Scarrow to play softball for NPCC
Pitcher practices year-round.
Every spring and summer for the past 10 years, Shaunna Scarrow has been toting her softball glove and shoes around wherever she goes.
Softball has been a part of who she is since she started playing in Gothenburg when she was 8 years old.
The sport will continue to take up a large chunk of her time when she moves on to college next fall.
Scarrow signed a national letter of intent last week to play softball for the North Platte Community College Knights.
“I really wasn’t sure about playing in college,” Scarrow said. “I didn’t start looking into it until just recently.”
A long time or a little didn’t matter to NPCC coach Jack Daniels, who recruited Scarrow as a pitcher.
“I’ve been pitching forever,” Scarrow said, “and I play center field.”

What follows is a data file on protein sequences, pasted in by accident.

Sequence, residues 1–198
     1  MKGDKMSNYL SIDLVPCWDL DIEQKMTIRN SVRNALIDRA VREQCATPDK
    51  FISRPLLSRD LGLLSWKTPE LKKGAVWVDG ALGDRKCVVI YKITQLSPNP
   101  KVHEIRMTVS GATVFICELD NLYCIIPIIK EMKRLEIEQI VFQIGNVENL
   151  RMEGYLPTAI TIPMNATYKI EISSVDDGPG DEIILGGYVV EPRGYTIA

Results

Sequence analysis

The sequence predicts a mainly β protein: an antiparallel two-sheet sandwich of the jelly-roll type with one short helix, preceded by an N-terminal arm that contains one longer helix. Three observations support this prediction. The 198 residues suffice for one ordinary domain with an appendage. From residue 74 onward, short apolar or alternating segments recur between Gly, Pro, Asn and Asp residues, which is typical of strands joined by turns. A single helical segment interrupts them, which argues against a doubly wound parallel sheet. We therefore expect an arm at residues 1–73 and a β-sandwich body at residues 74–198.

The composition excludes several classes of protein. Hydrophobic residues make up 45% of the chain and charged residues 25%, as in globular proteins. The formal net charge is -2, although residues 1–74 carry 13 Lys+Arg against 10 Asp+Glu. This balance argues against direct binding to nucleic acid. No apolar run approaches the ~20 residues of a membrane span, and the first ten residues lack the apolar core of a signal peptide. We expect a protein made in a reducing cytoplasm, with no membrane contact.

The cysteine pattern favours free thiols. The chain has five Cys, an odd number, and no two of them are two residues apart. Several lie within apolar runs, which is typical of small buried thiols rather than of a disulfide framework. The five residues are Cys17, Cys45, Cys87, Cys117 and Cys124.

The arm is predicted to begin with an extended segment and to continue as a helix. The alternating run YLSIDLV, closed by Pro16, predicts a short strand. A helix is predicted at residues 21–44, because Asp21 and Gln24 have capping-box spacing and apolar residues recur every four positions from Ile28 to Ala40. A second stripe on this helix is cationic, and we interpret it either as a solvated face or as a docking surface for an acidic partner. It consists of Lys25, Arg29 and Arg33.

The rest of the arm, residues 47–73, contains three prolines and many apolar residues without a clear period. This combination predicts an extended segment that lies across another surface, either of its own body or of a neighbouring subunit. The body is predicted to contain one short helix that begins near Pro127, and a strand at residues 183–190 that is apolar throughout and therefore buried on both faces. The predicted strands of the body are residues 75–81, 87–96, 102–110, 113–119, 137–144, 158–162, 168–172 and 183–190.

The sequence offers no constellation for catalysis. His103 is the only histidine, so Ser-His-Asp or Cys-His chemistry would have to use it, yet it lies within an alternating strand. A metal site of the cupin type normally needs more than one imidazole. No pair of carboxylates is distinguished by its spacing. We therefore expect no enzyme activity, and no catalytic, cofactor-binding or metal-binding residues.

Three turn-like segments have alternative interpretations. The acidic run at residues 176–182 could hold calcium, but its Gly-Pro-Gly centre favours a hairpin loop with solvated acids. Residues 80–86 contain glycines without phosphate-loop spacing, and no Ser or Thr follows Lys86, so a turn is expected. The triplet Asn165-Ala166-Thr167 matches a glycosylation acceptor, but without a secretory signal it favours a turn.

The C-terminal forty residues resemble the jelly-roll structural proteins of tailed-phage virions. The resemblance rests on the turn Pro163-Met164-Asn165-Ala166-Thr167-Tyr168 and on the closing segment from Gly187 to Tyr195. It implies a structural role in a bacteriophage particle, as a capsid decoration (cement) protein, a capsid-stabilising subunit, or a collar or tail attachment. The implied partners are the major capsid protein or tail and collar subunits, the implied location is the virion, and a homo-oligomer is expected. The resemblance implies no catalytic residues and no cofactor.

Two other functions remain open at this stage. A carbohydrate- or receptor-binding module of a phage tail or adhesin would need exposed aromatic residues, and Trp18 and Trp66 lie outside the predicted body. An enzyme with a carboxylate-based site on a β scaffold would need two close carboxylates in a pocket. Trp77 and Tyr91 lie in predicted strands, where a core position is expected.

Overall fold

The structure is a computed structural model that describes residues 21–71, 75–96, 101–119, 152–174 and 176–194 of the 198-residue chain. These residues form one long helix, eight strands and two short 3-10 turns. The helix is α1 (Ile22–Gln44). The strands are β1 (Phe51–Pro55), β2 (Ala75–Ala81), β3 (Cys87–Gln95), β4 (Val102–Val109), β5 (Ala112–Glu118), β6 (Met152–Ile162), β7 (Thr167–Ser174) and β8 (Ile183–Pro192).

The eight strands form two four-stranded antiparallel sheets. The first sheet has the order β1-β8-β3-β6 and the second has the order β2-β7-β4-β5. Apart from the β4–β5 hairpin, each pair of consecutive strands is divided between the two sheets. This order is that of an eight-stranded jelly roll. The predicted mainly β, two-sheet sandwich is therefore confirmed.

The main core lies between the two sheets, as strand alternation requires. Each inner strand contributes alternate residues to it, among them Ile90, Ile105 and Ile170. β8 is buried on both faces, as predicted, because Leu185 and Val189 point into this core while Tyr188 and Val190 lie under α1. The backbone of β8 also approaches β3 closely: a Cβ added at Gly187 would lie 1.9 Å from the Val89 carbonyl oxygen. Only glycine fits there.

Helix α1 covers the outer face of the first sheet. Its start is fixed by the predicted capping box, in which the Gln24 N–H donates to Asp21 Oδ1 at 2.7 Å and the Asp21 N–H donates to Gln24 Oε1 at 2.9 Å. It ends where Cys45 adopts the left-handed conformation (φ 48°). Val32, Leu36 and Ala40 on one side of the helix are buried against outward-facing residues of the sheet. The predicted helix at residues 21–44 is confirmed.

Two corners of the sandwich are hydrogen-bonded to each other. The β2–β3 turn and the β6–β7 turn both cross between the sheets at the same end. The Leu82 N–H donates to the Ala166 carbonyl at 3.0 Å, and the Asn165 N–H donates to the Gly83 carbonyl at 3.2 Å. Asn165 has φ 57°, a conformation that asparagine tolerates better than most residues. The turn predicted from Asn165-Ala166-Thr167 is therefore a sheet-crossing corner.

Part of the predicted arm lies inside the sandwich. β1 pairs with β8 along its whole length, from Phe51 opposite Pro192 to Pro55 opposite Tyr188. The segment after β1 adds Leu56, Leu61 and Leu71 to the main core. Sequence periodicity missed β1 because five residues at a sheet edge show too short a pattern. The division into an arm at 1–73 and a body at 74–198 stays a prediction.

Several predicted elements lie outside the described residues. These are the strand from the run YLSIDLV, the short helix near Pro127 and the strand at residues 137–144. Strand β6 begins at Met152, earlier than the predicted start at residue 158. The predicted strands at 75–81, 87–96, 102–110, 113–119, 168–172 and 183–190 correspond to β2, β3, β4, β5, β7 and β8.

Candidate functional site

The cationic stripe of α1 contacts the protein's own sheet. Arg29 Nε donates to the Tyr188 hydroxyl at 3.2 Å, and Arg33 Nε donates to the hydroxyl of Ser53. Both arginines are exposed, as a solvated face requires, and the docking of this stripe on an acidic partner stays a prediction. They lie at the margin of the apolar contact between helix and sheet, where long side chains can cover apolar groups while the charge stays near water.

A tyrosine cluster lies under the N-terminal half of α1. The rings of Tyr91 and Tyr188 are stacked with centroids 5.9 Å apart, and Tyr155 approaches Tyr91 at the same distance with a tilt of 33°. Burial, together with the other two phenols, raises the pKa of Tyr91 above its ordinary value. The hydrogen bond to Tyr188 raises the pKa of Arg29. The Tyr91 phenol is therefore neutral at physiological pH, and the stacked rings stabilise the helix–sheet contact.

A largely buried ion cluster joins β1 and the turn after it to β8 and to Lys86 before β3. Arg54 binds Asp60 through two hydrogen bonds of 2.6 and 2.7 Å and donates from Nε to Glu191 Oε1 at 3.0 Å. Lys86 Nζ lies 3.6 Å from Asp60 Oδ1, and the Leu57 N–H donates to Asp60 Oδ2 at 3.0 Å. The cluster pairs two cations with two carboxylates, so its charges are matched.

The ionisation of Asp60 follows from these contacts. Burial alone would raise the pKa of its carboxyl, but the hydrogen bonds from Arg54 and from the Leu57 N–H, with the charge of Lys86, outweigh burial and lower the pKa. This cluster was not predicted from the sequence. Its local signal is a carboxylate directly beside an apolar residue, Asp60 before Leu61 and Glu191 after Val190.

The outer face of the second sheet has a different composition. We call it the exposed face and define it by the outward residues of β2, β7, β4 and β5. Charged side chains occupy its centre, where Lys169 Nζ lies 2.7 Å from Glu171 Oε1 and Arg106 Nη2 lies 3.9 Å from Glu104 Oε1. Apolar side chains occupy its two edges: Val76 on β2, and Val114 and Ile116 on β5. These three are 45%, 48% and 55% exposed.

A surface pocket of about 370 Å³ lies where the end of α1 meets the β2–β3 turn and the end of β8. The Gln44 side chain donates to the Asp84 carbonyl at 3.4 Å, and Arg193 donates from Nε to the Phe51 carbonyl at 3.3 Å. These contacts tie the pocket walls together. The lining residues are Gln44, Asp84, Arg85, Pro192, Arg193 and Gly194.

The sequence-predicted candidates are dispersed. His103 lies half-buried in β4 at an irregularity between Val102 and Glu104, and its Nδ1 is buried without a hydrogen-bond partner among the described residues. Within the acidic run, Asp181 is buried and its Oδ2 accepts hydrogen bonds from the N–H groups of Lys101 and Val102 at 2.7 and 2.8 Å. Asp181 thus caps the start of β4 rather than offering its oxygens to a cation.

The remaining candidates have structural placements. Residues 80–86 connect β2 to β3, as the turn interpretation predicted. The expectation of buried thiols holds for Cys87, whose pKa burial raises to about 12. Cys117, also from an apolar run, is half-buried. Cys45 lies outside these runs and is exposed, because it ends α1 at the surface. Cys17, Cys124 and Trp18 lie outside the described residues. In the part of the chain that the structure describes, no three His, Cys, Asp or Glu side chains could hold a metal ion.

It’s pitching, though, that has forced Scarrow to cart her glove around.
“You have to pretty much practice year-round,” she said. “Otherwise you can lose a little of the touch.”
Scarrow said she chose NPCC because it’s close to home.
“I don’t think I’m ready to move very far away,” she said, noting laundry and home-cooked meals as a reason to stay close to her parents, Shawn and Lorrie Scarrow of Brady.
Playing for the North Platte Belles since she was 14, Scarrow said she’s made many close friends. A couple will be joining her at NPCC.
“I think when I’m a sophomore there will be a lot of Belles on the college team,” she said.
Scarrow plans to live in North Platte with a friend and pursue an associate’s degree in business.
Then when her game improves, she said she’d like to transfer to the University of Nebraska at Kearney to play for the Lopers and work toward a bachelor’s degree in business.
“Someday I want to have my own business,” she said.
- SERVICE IN JEOPARDY
- Winning team repeats in scramble
- Study shares ways to grow housing
- Peddlers in the park
- Lifeguards host annual swim carnival
- Trinity Lutheran construction to begin Construction.
- Commissioners discuss late bill privately, approve lake trail addition
- Brady school student numbers grow slightly